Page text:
JOHANNESBURG (miningweekly.com) – The University of Pretoria’s (UP’s) Department of Mining Engineering has launched its Mining Resilience Research Centre (MRRC) at the Hatfield, Pretoria, campus.
The centre will take a multidisciplinary and holistic research approach to address the challenges facing the South African mining industry, seeking the input of UP experts in the disciplines of not only mining engineering but also others, such as information technology, law and humanities.
The centre aims to be a leading research centre and conduct relevant research through a sound science and technology approach to generating solutions continuously and, thereby, improving quality.
It further aims to strengthen its national and international profile through the establishment of sound sustainable business and other collaborative relationships and, finally, to become financially independent in establishing itself as a sustainable research organisation.
UP Department of Mining Engineering head Professor Ronny Webber-Youngman highlighted in his speech at the launch that the world was now in the Fourth Industrial Revolution, which he pointed out was unique in that it was progressing in an exponential rather than the linear rate typical of the previous revolutions.
“It is disrupting almost every industry in every country and transforming entire systems of production, management and governance, and the role of disruptive technology will be significant in future.”
Webber-Youngman asserted that universities had to align to develop research and academic programmes to accommodate for the new skills necessary for success in the Fourth Industrial Revolution.
According to the World Economic Forum there are ten skills requisite to succeed in the current revolution, which Webber-Youngman highlighted UP would be aligning itself toward.
The skills include complex problem solving, critical thinking, creativity, people management, coordinating with others, emotional intelligence, judgment and decision making, service-orientation, negotiating and cognitive flexibility.
Webber-Youngman pointed out that these skills are all related to people and that people would become increasingly important in dealing with the challenges associated with the Fourth Industrial Revolution.
“People think that robots are going to take over everything, which is not the truth,” he quipped, pointing to a report by global financial services firm PwC, which states that there are five things machines will not be able to do. These include, in ascending order, emotional intelligence, creativity and innovation, leadership, adaptability and, finally, problem solving.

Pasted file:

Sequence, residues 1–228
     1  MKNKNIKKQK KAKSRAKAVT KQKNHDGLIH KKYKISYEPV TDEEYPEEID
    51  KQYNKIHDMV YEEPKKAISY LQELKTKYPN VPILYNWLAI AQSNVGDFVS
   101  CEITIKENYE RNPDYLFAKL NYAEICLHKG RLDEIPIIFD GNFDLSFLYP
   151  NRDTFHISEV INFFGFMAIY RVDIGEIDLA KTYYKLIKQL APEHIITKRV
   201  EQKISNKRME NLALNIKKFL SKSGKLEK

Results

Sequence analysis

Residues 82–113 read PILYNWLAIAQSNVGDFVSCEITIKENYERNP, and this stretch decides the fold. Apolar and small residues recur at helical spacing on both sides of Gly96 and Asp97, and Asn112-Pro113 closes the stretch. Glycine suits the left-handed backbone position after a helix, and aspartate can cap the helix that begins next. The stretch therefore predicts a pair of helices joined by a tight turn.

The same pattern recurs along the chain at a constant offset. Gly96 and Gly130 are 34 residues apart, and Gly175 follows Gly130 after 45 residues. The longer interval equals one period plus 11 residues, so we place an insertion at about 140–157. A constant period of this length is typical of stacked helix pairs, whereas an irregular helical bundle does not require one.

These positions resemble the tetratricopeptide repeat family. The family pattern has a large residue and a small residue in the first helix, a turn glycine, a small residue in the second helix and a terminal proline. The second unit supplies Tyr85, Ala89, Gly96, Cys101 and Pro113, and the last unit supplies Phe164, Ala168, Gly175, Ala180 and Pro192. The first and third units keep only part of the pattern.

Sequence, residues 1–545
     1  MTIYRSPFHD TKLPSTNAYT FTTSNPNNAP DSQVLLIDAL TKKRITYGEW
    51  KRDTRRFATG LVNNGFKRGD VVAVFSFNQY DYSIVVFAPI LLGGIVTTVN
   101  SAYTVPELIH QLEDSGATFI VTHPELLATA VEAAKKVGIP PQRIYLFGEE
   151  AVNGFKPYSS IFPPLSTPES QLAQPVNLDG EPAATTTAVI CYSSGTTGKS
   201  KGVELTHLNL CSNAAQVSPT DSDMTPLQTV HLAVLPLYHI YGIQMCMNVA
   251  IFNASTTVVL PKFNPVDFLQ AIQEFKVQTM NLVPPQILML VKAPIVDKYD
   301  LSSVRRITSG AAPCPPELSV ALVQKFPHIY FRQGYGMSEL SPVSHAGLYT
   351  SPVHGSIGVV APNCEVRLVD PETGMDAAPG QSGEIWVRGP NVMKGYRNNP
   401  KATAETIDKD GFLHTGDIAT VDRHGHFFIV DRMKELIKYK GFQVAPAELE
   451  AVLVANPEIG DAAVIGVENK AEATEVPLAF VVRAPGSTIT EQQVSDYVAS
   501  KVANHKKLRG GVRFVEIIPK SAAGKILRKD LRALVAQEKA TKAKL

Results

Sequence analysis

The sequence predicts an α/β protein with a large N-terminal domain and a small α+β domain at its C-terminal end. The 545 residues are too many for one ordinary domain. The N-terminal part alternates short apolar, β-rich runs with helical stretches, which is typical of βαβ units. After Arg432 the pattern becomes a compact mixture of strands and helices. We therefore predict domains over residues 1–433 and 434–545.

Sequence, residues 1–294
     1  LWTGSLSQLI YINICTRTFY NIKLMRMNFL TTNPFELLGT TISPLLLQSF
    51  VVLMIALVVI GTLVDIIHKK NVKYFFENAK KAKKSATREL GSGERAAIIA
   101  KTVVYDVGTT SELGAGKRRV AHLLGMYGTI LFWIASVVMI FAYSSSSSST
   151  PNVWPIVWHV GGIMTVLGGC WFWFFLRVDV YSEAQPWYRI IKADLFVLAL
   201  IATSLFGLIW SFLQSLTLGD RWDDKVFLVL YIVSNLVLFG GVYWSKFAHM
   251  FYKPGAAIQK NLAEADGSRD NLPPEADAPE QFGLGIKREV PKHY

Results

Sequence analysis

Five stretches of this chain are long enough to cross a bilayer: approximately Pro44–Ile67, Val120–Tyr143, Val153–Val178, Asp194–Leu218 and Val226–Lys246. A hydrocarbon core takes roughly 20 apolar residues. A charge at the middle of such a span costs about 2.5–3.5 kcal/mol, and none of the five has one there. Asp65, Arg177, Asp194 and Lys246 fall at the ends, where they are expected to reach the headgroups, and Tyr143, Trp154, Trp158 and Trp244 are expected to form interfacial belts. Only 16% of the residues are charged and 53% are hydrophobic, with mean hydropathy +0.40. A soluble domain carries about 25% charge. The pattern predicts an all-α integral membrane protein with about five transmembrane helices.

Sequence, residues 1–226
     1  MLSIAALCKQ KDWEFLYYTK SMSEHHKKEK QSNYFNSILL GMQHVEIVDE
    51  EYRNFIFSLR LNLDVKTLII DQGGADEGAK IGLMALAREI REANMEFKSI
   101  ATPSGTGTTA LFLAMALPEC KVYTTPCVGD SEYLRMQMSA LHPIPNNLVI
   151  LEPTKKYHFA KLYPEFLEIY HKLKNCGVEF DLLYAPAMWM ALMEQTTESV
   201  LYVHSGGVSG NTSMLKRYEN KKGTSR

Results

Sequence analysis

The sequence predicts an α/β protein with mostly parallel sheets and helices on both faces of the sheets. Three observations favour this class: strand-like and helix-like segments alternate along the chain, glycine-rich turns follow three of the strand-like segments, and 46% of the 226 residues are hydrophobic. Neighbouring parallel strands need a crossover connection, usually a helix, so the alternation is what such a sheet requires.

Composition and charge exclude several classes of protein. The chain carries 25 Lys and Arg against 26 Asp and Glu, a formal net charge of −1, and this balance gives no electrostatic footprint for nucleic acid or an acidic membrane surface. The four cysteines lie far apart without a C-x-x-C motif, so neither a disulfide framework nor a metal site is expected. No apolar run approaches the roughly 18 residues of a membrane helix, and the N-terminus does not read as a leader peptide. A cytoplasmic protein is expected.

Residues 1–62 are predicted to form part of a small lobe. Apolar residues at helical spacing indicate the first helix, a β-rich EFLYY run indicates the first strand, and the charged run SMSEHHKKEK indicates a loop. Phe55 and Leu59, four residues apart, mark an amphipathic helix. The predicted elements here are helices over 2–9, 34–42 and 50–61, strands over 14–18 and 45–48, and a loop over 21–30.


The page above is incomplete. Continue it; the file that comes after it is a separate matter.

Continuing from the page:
The MRRC’s immediate focus will be on growing its international collaborative research network, establishing strong internal associations, continuing contract research and consulting for organisations such as the Mine Health and Safety Council (MHSC) and South African Mining, Extraction, Research, Development and Innovation (Samerdi), as well as partnering with mining houses and private companies.
The centre is currently working with the MHSC on developing a missing person locator system; establishing a test and simulation capability, and standard verification method to evaluate collision management systems; rock mass condition assessment tools; and developing mining illumination standards for mobile equipment operating in South Africa’s openpit and underground mines.
In future, the MRRC will look at assessing the feasibility of reducing diesel particulate matter exposure by replacing and/or converting all Tier 0 diesel motors with more efficient Tier 2 and Tier 3 engines. It will also look at developing a mobile immersive training centre to help increase exposure and interest to mining-related careers.
With Samerdi the MRRC, in collaboration with the Council of Scientific & Industrial Research, UP, the University of the Witwatersrand and the University of Johannesburg, will provide research and development into themes such as advanced orebody knowledge, modernisation of current mining, mechanisation of the gold and platinum sectors using drilling and blasting, nonexplosive rock breaking, real-time information management systems and human factors.